China plans moon-sampling mission for November

January 27, 2017 5:40 pm

This handout photo released by the National Astronomical Observatories of Chinese Academy of Sciences shows a high-resolution image of the surface on the moon shot by Chinese Chang’e 3 lunar exploration probe, and Yutu rover. (Via Xinhua)

plans to send a robot attached to a rocket to the moon to bring back samples of the lunar surface.
The rocket, named Chang’e 5, is scheduled to take off from Wenchang Space Launch Center in the southern province of Hainan at the end of November, according to China’s state-run Xinhua agency.  
The mission will be fulfilled in three strategic steps and five stages. Orbiting, landing and returning are the three steps that will be carried out in the five stages.
In the first stage, a robot craft hitched atop China’s Long March-5 booster will take off and land on the moon.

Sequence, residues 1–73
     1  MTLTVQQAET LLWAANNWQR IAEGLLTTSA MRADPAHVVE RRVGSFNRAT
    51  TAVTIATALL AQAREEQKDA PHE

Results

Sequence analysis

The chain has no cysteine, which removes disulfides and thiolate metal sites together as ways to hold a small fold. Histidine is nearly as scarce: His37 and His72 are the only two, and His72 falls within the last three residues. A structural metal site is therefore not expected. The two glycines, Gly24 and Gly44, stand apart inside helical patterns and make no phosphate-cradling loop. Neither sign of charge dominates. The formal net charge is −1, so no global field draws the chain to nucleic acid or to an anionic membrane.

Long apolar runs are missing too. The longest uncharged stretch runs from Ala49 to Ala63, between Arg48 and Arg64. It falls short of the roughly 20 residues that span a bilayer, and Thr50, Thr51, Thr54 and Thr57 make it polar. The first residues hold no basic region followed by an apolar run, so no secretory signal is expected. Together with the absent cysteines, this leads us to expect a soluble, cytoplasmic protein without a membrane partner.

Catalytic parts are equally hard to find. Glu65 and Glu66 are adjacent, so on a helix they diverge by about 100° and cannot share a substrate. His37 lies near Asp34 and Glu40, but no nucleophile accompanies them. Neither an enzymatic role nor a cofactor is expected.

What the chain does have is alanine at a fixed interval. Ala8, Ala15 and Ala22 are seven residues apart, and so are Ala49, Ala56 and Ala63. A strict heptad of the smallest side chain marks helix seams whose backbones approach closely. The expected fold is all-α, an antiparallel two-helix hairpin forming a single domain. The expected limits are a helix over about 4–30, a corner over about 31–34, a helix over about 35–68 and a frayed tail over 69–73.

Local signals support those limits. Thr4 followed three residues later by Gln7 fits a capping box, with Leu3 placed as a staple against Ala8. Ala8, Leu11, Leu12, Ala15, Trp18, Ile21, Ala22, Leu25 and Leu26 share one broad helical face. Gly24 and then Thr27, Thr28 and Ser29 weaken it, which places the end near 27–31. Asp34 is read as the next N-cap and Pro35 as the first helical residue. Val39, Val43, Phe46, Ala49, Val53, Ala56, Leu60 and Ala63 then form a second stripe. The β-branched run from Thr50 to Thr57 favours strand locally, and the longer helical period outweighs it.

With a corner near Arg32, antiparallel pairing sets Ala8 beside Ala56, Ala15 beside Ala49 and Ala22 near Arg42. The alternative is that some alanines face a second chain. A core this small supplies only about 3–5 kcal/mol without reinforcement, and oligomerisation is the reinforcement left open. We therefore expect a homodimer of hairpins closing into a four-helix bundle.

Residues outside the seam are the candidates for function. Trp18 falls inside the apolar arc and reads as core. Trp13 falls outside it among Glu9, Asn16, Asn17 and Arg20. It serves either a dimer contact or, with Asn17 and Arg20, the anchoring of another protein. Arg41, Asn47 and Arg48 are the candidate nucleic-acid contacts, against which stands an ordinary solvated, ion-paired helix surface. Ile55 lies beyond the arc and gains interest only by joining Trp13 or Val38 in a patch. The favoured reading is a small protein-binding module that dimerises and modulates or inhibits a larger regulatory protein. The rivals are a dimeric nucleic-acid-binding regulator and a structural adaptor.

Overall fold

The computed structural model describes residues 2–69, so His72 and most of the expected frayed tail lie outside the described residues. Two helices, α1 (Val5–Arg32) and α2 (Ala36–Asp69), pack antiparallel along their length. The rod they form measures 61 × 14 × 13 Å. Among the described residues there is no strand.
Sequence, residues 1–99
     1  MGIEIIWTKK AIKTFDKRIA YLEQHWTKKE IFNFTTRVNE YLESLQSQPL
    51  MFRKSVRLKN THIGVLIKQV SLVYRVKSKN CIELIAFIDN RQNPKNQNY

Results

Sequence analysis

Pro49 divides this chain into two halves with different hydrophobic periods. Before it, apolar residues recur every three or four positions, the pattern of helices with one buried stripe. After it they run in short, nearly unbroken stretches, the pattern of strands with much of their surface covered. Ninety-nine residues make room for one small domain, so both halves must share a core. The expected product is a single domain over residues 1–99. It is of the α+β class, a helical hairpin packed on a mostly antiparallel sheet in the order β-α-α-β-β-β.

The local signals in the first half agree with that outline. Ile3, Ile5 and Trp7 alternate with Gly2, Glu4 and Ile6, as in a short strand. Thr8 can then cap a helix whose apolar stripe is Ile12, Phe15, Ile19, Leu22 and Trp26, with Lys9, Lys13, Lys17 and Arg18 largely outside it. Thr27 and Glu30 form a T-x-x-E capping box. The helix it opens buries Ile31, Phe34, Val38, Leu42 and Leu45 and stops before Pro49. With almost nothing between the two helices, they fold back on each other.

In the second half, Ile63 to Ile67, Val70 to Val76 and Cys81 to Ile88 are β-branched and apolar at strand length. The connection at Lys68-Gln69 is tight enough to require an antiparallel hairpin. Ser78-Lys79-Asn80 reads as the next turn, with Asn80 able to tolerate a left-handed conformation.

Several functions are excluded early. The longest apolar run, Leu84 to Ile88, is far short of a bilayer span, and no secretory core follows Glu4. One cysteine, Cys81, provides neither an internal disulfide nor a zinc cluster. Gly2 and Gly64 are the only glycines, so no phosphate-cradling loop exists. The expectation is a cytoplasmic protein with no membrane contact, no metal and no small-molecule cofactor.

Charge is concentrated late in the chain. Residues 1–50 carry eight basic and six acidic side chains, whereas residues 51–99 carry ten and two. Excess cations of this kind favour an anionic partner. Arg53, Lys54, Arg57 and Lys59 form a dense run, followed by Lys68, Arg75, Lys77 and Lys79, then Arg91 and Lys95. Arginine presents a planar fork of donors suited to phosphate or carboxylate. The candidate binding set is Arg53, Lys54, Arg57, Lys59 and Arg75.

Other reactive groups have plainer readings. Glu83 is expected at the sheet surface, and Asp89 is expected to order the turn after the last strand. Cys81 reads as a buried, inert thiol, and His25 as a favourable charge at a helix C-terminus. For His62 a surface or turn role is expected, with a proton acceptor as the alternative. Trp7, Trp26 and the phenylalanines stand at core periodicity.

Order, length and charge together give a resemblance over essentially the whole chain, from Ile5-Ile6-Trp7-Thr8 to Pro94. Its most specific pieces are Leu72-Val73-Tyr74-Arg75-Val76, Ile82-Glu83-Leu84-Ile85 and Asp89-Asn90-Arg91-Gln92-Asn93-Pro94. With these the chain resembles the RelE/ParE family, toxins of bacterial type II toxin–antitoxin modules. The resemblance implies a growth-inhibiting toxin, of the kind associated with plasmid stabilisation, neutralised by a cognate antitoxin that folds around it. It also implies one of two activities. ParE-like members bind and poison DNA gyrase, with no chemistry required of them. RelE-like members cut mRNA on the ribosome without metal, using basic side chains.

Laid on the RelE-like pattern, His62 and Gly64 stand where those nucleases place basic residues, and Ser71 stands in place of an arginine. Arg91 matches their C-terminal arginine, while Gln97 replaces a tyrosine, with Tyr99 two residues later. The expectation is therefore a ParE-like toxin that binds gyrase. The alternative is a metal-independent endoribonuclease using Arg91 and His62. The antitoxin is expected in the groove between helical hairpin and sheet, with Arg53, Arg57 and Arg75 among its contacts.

In stage two, a rover-lander will gather lunar samples into a container on the ascender, which will take off from the moon surface and dock on the orbiter near the returner, which will be circling around the moon, in stage three.
In stage four, the samples’ container will be transferred from the ascender to the returner.
In the fifth and final stage, the returner will take off from the orbiter and return to earth.
The mission will be the first attempt to bring lunar material back to earth since the Soviet Union’s Luna 24 spacecraft carried out a similar mission in 1976.
The former Soviet Union successfully carried out three robotic sample-return missions in the 1970s, bringing back notable amounts of lunar samples.
Before them, NASA’s Apollo astronauts landed on the moon six times from 1969 to 1972. They brought more than hundreds of kilograms of lunar material with them back to earth.
Last year, China’s chief engineer at the State Administration of Science, Technology and Industry for National Defense, Tian Yulong, said Beijing was in discussion with other countries “for human beings’ landing on the moon in the future.”
He said Beijing is hoping “to build bases and carry out scientific investigations on the moon.”
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